I don't like being the jealous type, but I'm on the road for business a lot, and I have a sinking feeling that my wife might be fooling around with one of her co-workers on the side. I don't want to accuse her of something she didn't do, but I'm wondering if you have a suggestion.
Naturally, the Bible is a huge help in this circumstance. Numbers tells us there's a simple way to find out if your wife's been dogging you without having to ask her outright. Simply take her to church and hand her over to a holy man, who will then sit her down, scrape up some dirt from the floor, and throw it into a cup of holy water. "When he has made her drink the water, then, if she has defiled herself and has been unfaithful to her husband, the water that brings the curse shall enter into her and cause bitter pain, and her womb shall discharge, her uterus drop, and the woman shall become an execration among her people. But if the woman has not defiled herself and is clean, then she shall be immune and be able to conceive children." Now, I may be no bigger than a Chicken McNugget, but even I can see that this is gonna cost a lot less than a private eye with a daily per diem, know what I mean?
Got a moral quandary? E-mail Jimmy at firstname.lastname@example.org.
The Problem With Being Blunt
You know Democrats are desperate when they get all over Matt Blunt like flies on a Taneycomo trout just because he makes a little joke about them.
A couple of weeks ago, The St. Louis Post-Dispatch reported that Missouri's little prince governor was giving a speech at the state Republican Party's annual Lincoln Days confab down in Springfield when he shruggingly said that, to find Democrats and the people who love them, "you have to go to places where nobody wants to live anymore."
Predictably, this provoked all sorts of whimpering among insulted Democrats. Roger Wilson, the chair of the state party, supposedly called for the firing of Blunt's speechwriter, whoever that was. Kansas City Rep. John Burnett told The Kansas City Star that Blunt's comment was "almost racist." A state senator from St. Louis demanded a public apology for dissing his district.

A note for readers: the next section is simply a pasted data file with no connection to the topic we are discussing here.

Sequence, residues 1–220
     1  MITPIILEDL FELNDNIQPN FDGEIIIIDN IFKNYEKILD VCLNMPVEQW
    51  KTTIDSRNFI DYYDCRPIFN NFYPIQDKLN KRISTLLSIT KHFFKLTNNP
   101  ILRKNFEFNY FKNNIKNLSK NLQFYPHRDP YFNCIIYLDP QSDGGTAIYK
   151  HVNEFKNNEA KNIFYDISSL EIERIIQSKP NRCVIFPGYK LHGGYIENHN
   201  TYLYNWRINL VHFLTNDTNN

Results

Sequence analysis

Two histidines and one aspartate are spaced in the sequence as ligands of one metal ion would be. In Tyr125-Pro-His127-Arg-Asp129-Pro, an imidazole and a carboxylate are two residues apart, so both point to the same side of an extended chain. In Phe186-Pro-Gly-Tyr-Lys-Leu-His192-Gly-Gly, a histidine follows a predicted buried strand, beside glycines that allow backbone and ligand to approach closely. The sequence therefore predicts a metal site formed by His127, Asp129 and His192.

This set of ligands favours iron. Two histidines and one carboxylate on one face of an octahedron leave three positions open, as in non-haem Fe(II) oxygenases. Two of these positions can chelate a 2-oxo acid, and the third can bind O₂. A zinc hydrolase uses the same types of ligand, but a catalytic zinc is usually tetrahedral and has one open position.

Kansas City Mayor Kay Barnes wisely refused to comment, perhaps recognizing that it was beneath her dignity to get drawn into a snit fit in which she'd have to defend the honor of her city -- or her party, though these days you'd hardly know she's a member of it.
Cripes, what a bunch of whiners these Democrats are. Before the election, they were incapable of, say, convincing rural Missourians that they wouldn't be the ones who'd try to balance the budget by taking away Medicaid checks; now, since they pathetically lost the House, the Senate and the governor's seat, they're moaning like a bunch of broke-dick dogs chained out behind the woodshed.
We wanted someone to tell us that Democrats were just cryin' 'cause cryin's all they can do. And we knew exactly the person we wanted to tell us that: someone who lives in Brookside's 6th Ward, in a precinct where nearly 77 percent of voters punched their cards for Claire McCaskill last November, in a town where nobody wants to live.
But the governor's sister, Amy Blunt, didn't return our call.
Notes from KC's blogosphere.
I tended bar at the Richmond Arms in Houston for over ten years, on and off, and that's what I was doing one afternoon in 1988 or '89, when a goofy-looking man in a straw hat and glasses walked in and sat down at my bar. He ordered, and when I put his glass down in front of him, he launched into conversation. No matter where our discussion led, his eyes never spent much time on my face, and when he finally made some crude comment about my boobs, I read him a very mild version of my standard riot act. He apologized and ordered a sausage roll. We carried on. He told me he was a writer. I told him I loved to read. He asked if I'd ever read Fear and Loathing in Las Vegas. I said "Duh." He stated matter-of-factly that he wrote it. I smirked. "Of course you did. And I wrote Hitchhiker's Guide."
"You don't believe me?
"Frankly, I'm surprised you don't recognize me."
"Well, I don't. And it doesn't matter anyway; Hunter S. Thompson or not, you still don't get to talk about my tits."
He snickered. I rolled my eyes. He shook his head. I brought him his sausage roll, and he stayed for another hour or so, asking questions, telling stories, and ranting about politics. He was odd, but extremely interesting. Direct. Dogmatic. Self-absorbed. A little creepy. But smart and shrewd and entertaining as hell. I enjoyed serving him, not just that afternoon, but the four or five additional times he came in looking for me over the years. And of course, he actually was who he claimed to be -- I'd seen his face on television and on book jackets.
I just learned he's killed himself. Sad news. But not surprising.
R.I.P., Mr. Thompson.
From "Reecie.com," the online diary of Kansas Citian Reecie Davis